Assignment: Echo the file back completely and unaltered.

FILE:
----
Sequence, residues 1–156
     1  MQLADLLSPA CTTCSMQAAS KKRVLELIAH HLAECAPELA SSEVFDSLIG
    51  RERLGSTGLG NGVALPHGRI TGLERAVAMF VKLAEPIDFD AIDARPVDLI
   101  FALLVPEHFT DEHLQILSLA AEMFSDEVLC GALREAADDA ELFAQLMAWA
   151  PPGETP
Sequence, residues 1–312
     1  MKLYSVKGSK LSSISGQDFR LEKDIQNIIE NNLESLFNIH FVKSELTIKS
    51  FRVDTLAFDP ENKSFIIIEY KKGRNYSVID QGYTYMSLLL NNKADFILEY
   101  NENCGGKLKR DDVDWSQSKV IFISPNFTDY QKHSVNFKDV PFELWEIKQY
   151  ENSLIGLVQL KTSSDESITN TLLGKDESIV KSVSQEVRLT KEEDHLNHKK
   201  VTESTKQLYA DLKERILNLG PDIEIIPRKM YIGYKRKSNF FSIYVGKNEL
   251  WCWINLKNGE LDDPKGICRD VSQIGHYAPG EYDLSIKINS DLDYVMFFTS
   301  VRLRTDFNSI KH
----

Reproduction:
Sequence, residues 1–156
     1  MQLADLLSPA CTTCSMQAAS KKRVLELIAH HLAECAPELA SSEVFDSLIG
    51  RERLGSTGLG NGVALPHGRI TGLERAVAMF VKLAEPIDFD AIDARPVDLI
   101  FALLVPEHFT DEHLQILSLA AEMFSDEVLC GALREAADDA ELFAQLMAWA
   151  PPGETP
Sequence, residues 1–312
     1  MKLYSVKGSK LSSISGQDFR LEKDIQNIIE NNLESLFNIH FVKSELTIKS
    51  FRVDTLAFDP ENKSFIIIEY KKGRNYSVID QGYTYMSLLL NNKADFILEY
   101  NENCGGKLKR DDVDWSQSKV IFISPNFTDY QKHSVNFKDV PFELWEIKQY
   151  ENSLIGLVQL KTSSDESITN TLLGKDESIV KSVSQEVRLT KEEDHLNHKK
   201  VTESTKQLYA DLKERILNLG PDIEIIPRKM YIGYKRKSNF FSIYVGKNEL
   251  WCWINLKNGE LDDPKGICRD VSQIGHYAPG EYDLSIKINS DLDYVMFFTS
   301  VRLRTDFNSI KH